Thursday, February 23, 2017

Wolves of Sorrow

Dagmar stood on the wooden platform in the middle of the forest, waiting for the ritual to end. The rich scent of the earth’s awakening to spring brought anxiety to the forefront of her mind. I should be planting crops, not grieving. I don’t even know what to say about this…She wiped the tears away, catching a slightly disapproving look from the priestess, Birgit. No more tears. That time is done.

No tears.

They would not hand her the shield if she continued to cry. It belonged to her husband. It lay over his body when his companions brought him home. Birgit took the shield from his body and presented it to Dagmar with an invitation to join the Wolves of Sorrow. Her heart full of rage at the warriors across the sea who killed him, Dagmar accepted without a thought. Now she wondered if her courage would match her desire for revenge.

Her husband’s shield had been repainted with a depiction of a wolf’s face in dark purple. A single tear appeared under the left eye, the eye sacrificed for knowledge by Odin the Allfather. She accepted the redesigned shield with a grateful bow.

She was no stranger to battle. Everyone in the village could sharpen weapons and step through the basic attack and defensive movements. With Björn by her side, she fought in a skirmish to keep raiders from plundering their village several years ago.

And now she stood with the widow-warriors, about to voyage across the sea to protect the settlements and hunt the men who broke the treaty. Her husband’s friends told her that he had been killed by the king himself.

The priestess held up a sword to the crowd of women surrounding the platform. “We know this belongs to one of King Cuthbert’s soldiers. They may not have been wearing the armor of their kingdom, but they still carried the king’s weapons. They are no more than well-paid bandits, and we’ll show them what it means to rob us.”

The resounding cheers swept her up and she held up the shield, mimicking Björn’s battlecry. As the women marched down the hill from the forest and through the village, they beat their axes against their shields, each bearing the same wolf face. Villagers paused in their tracks for the procession. Onward, thought Dagmar as she raised her axe and shield and shouted. Onward to war.

They reached the shore and waded out to the dragon ships. The Wolves of Sorrow took up three boats, followed by the vikings who made their lives by exploring and raiding other lands. They pushed out with their oars and slowly rowed out of the narrow bay.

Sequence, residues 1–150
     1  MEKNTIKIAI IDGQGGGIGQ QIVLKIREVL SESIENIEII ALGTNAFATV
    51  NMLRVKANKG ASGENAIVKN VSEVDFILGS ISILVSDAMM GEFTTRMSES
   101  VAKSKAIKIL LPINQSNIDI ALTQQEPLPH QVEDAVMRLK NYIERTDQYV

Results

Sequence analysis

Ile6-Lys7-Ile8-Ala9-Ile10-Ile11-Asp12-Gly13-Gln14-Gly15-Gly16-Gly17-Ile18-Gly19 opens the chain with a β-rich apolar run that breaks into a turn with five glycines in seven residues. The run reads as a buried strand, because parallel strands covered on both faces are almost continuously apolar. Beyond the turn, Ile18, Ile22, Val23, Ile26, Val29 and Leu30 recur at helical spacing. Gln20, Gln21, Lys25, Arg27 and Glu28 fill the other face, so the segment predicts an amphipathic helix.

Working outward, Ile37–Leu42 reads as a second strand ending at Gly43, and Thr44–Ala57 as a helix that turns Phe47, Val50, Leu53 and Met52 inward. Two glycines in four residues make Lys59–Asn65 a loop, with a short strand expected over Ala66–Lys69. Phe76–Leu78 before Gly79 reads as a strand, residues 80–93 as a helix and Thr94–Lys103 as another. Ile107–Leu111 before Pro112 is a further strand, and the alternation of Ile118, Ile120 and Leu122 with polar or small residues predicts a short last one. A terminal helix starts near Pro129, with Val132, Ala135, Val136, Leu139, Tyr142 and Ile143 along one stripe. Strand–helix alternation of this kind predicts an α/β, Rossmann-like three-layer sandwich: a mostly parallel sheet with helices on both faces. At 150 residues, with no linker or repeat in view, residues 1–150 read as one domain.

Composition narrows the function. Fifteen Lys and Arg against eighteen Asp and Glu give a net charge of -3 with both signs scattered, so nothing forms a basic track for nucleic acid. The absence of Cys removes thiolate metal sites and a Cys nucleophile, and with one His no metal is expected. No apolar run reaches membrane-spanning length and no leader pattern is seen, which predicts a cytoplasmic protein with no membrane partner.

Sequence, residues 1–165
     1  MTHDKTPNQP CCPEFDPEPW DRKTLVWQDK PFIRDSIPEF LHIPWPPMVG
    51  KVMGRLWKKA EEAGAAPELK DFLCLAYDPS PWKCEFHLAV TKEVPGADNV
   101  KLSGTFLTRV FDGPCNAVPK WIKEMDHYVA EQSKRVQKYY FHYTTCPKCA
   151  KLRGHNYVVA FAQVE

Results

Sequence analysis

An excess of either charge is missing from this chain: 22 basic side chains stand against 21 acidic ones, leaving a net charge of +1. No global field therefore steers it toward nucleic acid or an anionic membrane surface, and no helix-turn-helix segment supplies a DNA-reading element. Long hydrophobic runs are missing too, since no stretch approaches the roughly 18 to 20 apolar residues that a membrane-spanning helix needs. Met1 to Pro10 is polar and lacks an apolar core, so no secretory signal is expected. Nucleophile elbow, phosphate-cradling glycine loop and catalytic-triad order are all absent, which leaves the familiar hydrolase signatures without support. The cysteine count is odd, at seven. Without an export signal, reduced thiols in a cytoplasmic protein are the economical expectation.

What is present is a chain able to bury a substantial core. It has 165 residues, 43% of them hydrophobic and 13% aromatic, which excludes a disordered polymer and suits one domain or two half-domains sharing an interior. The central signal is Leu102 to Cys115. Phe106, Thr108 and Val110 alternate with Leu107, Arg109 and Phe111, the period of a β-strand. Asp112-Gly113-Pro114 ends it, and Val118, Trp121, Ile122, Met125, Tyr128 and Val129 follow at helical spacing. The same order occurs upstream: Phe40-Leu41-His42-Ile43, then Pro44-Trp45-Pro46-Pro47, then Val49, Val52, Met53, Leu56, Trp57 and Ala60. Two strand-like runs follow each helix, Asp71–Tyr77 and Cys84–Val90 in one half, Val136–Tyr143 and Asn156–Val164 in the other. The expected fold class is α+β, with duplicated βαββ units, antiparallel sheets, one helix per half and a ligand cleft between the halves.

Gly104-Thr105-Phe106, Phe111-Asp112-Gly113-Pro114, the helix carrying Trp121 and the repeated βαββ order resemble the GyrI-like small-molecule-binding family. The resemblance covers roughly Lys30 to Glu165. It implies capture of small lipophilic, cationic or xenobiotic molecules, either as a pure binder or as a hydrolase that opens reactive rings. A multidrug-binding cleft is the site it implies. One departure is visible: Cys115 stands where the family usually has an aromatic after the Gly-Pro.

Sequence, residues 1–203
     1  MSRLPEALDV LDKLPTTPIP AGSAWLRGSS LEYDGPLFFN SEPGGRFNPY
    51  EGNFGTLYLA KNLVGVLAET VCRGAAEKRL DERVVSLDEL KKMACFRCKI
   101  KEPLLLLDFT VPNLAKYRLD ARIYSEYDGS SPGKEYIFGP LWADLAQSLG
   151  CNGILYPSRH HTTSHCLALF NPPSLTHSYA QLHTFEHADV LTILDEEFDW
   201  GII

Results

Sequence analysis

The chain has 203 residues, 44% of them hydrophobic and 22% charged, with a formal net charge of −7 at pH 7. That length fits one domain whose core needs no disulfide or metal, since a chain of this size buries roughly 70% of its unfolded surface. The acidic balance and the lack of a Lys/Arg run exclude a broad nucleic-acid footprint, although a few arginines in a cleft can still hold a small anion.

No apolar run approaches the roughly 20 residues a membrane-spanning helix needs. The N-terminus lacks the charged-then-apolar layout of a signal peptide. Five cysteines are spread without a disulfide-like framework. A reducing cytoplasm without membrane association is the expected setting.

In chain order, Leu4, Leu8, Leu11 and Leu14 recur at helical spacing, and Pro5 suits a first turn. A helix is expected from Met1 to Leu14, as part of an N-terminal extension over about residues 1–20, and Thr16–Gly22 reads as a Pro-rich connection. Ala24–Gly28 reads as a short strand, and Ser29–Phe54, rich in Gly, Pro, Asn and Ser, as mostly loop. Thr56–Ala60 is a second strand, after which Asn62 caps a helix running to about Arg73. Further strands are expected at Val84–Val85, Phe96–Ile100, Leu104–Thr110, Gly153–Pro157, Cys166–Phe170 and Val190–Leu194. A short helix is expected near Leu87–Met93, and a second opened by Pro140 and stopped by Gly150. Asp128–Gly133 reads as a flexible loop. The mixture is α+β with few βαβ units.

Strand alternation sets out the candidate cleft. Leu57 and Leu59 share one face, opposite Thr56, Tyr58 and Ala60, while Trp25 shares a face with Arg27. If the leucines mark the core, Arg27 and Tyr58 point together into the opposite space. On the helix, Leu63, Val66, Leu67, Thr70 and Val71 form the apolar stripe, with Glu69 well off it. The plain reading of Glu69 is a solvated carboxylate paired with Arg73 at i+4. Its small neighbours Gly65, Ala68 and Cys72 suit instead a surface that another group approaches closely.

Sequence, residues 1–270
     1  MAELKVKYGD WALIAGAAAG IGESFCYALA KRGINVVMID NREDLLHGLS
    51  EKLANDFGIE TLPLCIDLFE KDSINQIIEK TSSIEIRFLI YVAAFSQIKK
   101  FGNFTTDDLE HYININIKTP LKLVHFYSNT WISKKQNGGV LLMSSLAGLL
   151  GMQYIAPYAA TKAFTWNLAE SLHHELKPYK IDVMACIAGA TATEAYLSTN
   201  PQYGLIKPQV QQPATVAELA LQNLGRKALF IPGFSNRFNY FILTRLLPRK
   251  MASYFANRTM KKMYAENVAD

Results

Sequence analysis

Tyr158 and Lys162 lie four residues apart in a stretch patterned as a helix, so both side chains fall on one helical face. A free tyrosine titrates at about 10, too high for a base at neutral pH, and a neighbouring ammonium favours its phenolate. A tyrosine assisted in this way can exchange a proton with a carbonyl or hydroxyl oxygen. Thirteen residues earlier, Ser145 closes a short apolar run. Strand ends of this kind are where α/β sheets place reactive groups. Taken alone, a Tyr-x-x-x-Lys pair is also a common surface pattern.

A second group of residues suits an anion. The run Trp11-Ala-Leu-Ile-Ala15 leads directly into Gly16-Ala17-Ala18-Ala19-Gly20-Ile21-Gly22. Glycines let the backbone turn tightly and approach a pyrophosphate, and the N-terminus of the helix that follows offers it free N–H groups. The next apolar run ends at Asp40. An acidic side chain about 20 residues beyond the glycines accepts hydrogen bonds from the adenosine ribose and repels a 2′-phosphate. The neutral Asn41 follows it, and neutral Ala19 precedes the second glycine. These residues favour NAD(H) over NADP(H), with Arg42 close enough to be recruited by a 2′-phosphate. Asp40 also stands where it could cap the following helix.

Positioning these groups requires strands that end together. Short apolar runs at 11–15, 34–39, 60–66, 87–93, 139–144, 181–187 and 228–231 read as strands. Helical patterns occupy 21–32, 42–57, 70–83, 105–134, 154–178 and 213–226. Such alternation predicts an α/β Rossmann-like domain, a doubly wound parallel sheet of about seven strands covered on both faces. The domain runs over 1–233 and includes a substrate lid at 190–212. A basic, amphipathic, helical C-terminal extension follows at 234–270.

Clouds played among the mountaintops as they passed down the bay to the open ocean. The evergreen trees towered over each other and the occasional cry of golden eagles soared over the water. Dagmar shivered suddenly at the world around her. Rarely having left the village, she now realized the vast beauty around her in a new way. That Björn didn’t return standing at the prow of the dragon ship still seemed surreal to Dagmar. For days, she expected to see him walk by the hearth and sit next to her on the bench, and share a story from his travels or offer her some mead. Alas, his side of the bed remained cold. Cold as the light breeze that came down the bay. As placid as the water that stretched out on both sides of the ships. His blanket untouched, though she longed to wrap herself up in it and sleep to forget the world without him.

No storms accompanied them across the sea. The priestess said it was a blessing. “They favor the Wolves of Sorrow,” she said. “They’ll guide us right through the king’s front gates. Cuthbert will fall to his knees and beg us for mercy. We will grant him none.” The widow-warriors shouted in agreement. Steadily and with unflagging determination, they reached the shores of Northumbria, where dark clouds began to gather.

Low thunder rolled across the sky, as though the gods grumbled in impatience. The warriors made camp near the windowless citadel where the petty king resided. A nearby monastery bustled with activity. Monks tended their gardens and loaded barrels of ale onto wagons.

Like the gods, Dagmar was growing impatient. The moment came when the king led a hunting party out of the citadel’s front gate. Accompanied by a couple dozen friends and guards, they rode out into the woods in a column.

A while later, a young scout, Askr, appeared with his bright eyes through the leaves where the warriors hid and watched. “They’re far enough away from the citadel! They’re busy setting up tents and drinking—now is the perfect time!”

The ambush happened quickly. The Wolves of Sorrow led the charge into King Cuthbert’s distracted encampment with raised axes and shields. The Northumbrian men were taken aback at first, bewildered by the sight of the women in armor. A man with a black and white striped beard laughed. Others joined him. The laughter turned to a bellow of disbelief and agony when Dagmar’s axe cut into his shoulder and almost severed his arm from his body. The men gaped and fumbled for their swords. Unprepared, they scrambled as the warrior-widows tore through them in flashes of steel and blood with the rain pounding down on them all. Lightning cracked overhead, illuminating the steel.

Dagmar advanced on the king with her axe held high. “It was you.”

She saw that he didn’t understand her words, but he trembled slightly, his path blocked from any weapon. Her lip twitched in a smile as he held up his hands. His words trembled too.

She plucked the crown from his head and hitched it on the end of the scabbard on her belt. “My son will wear this. We will make him king of Northumbria.” She drove the blade into the side of the king’s neck and it was done. Dagmar turned to the other warriors, emerging into the camp now that the Wolves of Sorrow slaked their thirst. The widows howled and bayed, their prey conquered, their pack ever stronger.